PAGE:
Starting your own business… wouldn’t that be a dream come true, huh? Somehow getting things in your personal and professional lives organised and on point enough that you could execute a seamless business plan, lay down the required start-up capital, and transition to being your own boss.
But hold on a second. These days, there are more resources out there than ever before on how to start any number of businesses and develop them, not to mention services such as Buddy Loans, the UK’s leading direct lender for Guarantor loans, if you really need a bit of start-up capital in a hurry.
Far more than that, though, whoever told you that you had to have all your ducks in a row to start a business?
It sounds like you need to stop over complicating things. Here’s how you can set about starting up a side business today.
Identify the barebones framework of your business, and then start “stumbling forward”
Here’s a not-so-secret secret about starting up your own business: you only need to identify the barebones framework of what your business will be, and from then on, it’s a matter of stumbling forward. Trying to perfect things in the planning stage just guarantees stagnation.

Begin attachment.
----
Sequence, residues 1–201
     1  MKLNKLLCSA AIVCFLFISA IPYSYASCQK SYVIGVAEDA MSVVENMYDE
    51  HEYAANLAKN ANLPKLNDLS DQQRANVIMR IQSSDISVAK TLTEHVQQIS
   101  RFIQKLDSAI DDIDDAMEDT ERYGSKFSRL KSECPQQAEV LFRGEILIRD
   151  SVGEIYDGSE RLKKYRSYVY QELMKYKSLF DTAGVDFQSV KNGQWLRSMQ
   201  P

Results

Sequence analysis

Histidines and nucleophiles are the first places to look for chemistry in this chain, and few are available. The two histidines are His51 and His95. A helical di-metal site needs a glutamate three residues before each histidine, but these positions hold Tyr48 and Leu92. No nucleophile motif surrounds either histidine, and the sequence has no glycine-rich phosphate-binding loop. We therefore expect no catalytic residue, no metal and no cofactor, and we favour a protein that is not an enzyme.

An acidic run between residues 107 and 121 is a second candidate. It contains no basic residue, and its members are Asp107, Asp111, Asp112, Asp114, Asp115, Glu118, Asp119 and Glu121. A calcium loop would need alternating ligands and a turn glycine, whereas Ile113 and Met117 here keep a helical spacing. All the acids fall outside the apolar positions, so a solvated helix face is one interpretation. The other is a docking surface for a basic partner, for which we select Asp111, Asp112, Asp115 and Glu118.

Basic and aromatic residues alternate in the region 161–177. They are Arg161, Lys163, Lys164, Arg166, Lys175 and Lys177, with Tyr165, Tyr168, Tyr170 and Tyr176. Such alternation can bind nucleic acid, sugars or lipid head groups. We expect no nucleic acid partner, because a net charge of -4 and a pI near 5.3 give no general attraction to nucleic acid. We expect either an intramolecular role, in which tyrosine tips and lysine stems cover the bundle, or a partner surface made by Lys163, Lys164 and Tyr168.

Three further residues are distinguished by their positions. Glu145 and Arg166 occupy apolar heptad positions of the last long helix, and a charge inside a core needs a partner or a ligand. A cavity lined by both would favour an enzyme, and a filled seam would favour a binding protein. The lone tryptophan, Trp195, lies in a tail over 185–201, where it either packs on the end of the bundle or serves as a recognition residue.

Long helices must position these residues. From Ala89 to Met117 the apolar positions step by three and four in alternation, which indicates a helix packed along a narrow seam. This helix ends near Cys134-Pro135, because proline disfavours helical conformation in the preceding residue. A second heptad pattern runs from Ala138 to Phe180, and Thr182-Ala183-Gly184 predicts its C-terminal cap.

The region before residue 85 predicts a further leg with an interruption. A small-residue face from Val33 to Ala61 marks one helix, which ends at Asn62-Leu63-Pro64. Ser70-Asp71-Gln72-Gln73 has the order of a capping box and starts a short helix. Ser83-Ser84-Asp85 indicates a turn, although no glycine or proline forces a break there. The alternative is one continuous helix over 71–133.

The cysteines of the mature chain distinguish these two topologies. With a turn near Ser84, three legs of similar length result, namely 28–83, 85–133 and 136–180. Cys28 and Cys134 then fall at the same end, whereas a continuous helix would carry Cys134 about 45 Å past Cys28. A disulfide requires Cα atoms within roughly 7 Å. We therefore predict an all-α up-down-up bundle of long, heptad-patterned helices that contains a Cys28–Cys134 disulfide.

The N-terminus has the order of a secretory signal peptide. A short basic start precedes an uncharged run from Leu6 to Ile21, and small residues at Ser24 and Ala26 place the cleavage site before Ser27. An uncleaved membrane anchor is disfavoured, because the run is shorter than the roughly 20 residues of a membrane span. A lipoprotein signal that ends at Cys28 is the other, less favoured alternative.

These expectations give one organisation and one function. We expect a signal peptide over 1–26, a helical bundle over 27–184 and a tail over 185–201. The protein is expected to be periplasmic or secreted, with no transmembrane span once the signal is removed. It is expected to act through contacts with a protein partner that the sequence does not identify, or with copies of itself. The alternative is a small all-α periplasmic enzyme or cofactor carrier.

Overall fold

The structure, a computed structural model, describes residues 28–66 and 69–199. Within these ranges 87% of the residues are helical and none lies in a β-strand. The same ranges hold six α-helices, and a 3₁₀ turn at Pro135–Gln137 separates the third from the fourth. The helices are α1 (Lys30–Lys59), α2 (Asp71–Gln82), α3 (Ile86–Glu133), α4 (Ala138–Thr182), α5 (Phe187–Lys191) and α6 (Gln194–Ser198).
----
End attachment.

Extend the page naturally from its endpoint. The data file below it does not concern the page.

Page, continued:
When all is said and done, successful entrepreneurs have a bias towards action, rather than endless reflection and planning. As long as you act ethically, the basic seed of any business idea can be developed, iterated, and optimised as you go along.
Importantly, starting a business “rough” and stumbling forward is often the only way to learn the on-the-job specific skills that you need in order to succeed.
Carve out a hollow of free time to work on your business, and “turn up” on schedule, every time
You’re certainly bound to be short on time if you’re starting up a small business as a side gig. Here’s a secret – you and everyone else.
To make a success of a small business, particularly as a side gig, you need to carve out a hollow of free time to work on your business every day, and you then need to “turn up” on schedule, every time.
Consistency is king here, and sacrifices will need to be made. But, probably pretty small sacrifices. For example, giving up your evening web surfing ritual and spending that time working instead.
Grind, improve, market, repeat
Developing a small business is rarely a super-sexy “montage” sequence, with the furniture in your home office becoming more plush day by day.
Instead, it’s a matter of grinding, improving by small iterations as often as you can, marketing ruthlessly, and repeating the whole process again, and again.
To develop and make a success of your business, put in the work, time and time again. And don’t forget the paramount importance of letting people know that your business exists and that it can be beneficial for them to use your services.